Don Eduardo learned the art of beekeeping from Don Rafa, which proved to be an ideal business requiring very little investment or employees. He works with 18 hives deep in the mountain, unspoiled by any kind of human pollution. He loves the patience and experience beekeeping requires. 

Tierra & Lava Don E

Don Eduardo and Don Rafa’s honey is extracted via air pressure, thus preserving all nutrients and medicinal qualities. It is a vitamin A rich beeswax that has a natural moisture seal that protects your skin and hair, and promotes cell regeneration. The signature fragrance  that comes from the honey is from Tailipon blossoms, and the characteristic greenish tint comes from the Cajete blossoms.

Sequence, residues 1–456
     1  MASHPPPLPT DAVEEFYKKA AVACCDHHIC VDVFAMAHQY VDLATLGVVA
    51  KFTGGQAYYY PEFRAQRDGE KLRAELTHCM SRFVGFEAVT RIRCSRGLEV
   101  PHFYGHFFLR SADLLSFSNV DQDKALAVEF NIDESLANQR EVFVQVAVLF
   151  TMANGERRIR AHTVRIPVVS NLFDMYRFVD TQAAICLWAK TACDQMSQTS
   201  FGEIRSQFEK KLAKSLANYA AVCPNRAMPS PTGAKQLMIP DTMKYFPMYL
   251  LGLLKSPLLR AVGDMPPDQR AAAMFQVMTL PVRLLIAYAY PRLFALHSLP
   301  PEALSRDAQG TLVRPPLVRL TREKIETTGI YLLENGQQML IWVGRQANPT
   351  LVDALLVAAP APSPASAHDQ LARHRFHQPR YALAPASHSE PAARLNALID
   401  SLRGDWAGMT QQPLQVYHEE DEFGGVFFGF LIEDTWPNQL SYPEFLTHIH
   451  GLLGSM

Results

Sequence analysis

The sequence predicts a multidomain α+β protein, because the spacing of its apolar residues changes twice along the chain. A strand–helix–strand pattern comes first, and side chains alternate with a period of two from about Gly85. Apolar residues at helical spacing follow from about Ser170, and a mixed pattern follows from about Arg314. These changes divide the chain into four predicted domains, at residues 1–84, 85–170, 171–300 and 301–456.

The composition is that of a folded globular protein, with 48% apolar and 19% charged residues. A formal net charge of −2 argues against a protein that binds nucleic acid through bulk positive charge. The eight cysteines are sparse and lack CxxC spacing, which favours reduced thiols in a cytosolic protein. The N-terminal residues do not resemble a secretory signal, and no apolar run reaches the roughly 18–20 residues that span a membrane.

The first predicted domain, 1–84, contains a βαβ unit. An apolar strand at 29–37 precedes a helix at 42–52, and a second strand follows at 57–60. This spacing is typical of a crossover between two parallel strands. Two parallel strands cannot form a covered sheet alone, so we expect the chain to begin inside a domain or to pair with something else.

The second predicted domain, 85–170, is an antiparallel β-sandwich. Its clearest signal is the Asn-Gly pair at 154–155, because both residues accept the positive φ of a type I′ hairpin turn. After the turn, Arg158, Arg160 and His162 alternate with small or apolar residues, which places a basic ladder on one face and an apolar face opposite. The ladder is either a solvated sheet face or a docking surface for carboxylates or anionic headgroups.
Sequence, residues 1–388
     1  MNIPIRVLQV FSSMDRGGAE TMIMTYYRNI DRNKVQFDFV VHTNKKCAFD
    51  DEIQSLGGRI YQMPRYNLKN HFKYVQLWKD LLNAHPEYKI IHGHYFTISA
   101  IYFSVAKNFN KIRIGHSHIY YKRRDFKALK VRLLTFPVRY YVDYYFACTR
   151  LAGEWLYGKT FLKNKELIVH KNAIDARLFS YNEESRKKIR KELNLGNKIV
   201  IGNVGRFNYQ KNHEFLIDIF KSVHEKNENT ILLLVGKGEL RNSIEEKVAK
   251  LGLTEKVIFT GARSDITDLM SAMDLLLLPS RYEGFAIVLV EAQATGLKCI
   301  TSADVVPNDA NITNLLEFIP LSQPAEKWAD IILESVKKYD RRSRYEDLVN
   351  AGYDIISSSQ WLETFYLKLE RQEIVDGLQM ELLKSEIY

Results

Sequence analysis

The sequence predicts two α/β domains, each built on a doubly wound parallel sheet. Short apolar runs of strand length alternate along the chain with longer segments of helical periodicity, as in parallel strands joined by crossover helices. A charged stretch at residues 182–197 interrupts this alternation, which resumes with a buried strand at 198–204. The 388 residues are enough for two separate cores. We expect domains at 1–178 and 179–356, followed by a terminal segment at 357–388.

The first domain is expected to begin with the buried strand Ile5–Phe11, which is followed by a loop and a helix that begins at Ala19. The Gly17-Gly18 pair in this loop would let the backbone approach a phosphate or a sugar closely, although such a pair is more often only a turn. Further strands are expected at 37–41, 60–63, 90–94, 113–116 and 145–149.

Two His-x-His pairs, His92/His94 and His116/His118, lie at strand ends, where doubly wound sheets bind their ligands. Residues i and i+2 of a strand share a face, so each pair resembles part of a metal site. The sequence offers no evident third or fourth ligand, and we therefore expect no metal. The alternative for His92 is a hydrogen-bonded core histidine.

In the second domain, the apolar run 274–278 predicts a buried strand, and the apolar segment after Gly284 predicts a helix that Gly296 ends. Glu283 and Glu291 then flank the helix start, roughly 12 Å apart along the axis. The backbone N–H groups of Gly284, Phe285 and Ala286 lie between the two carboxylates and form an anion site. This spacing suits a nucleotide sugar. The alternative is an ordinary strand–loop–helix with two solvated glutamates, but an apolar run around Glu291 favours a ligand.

Meet Don Max - Sacred Mayan Black Salt Extractor

The art of extracting the Mayan black salt is a sacred tradition that is sadly being forgotten by the younger generations. Don Max is one of the few people in his village that is still practicing this sacred Mayan process. 

Tierra & Lava Don Max

What used to be a thriving industry that drew national tourists for the medicinal uses and distinct flavor, is now sold by the pound on the side of the road in town. The younger generation has found a way to produce the salt with less effort and at a higher salary, therefore, they are not interested in following the sacred, tedious family tradition of extracting the salt.

Tierra & Lava salt

Don Max learned the sacred tradition from generations before him, and the house he prepares the salt in has been used as long as he and his mother can remember. The soil used to spread over the salt flats has been recycled over years and years.